Failures in re-entry programs have been linked to higher recidivism rates among minority communities in Colorado. Higher recidivism on the other hand has led to prison overcrowding in the state.
The solution to prison overcrowding is however found in reducing recidivism and also reducing mass incarceration. Several studies point to this fact, most especially as it relates to African-Americans who tend to populate prisons most.
Benefits of Re-Entry Programs for both Inmates and the Government
This discovery has led the Colorado Department of Corrections (DOC) to focus more on its re-entry program. This re-entry program is set up for inmates that are soon to be released as well as those about to be paroled.
The program will help qualified inmates to secure paid employments before they leave prison. The main objective of this re-entry program is to equip prison inmates with the marketable skills needed to make a living outside the prison walls.
Many prisoners have been incarcerated for up to 10 and 20 years above. They have become so disconnected from human society to the point that they prefer the security of prison facilities than the open world.
When ex-prisoners lack marketability skills for survival in the open world, they often go back into crimes and soon find themselves locked up again – fueling overcrowded prisons. To beat the cycle of incarceration for ex-prisoners, the government is trying to train them to market their skills and obtain gainful employment even before their release from prison.
The DOC re-entry program will also give prison inmates the opportunity to get acquainted with their parole officers. This is important because failed appointments with parole officers after release often add up to parole violations.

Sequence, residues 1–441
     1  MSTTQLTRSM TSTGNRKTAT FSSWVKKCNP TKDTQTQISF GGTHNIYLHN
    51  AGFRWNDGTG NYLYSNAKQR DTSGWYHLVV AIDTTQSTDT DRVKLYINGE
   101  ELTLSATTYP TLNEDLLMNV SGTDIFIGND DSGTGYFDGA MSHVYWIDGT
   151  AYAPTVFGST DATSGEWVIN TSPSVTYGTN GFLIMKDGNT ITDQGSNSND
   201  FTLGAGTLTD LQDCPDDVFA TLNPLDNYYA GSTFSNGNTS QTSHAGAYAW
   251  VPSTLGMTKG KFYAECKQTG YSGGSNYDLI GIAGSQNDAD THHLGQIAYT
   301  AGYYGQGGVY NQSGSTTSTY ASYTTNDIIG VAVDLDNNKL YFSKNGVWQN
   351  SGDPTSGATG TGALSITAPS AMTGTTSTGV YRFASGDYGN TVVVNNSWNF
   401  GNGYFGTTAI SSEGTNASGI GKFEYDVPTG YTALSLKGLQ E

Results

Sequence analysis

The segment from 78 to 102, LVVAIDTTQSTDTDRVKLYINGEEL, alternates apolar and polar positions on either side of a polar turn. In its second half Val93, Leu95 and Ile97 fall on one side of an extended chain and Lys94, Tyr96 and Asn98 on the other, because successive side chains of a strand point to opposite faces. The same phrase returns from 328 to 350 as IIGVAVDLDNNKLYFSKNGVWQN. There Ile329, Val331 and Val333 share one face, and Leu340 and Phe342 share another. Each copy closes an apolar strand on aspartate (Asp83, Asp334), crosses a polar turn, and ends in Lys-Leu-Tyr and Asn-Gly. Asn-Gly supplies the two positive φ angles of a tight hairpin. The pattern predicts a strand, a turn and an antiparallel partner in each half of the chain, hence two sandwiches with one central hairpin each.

Meanwhile, being exposed to the re-entry program while still incarcerated enables inmates to obtain necessary housing, get treated for substance addictions, get interviewed for jobs via teleconferencing, and also sharpen acquired vocational skills.
The Brennan Center for Justice, a policy institute at New York University of Law published a report in 2016 that shows the US government may save up to $200 billion over a 10-year period by reducing mass incarceration.
Some Inmates May Stay Up To 90 Days in the Re-Entry Program Units
The Colorado DOC makes it possible for prison inmates to be moved to units where they learn skills in readiness for re-entry into the society. They may stay up to 90 days in these program units until they are well equipped with necessary skills and set for release.
Some inmates may also less than 90 days in these units when they are so overcrowded, or depending on how long they have been locked up. When inmates are well equipped with earning potentials, they barely return to prison again, leading to reduced prison populations.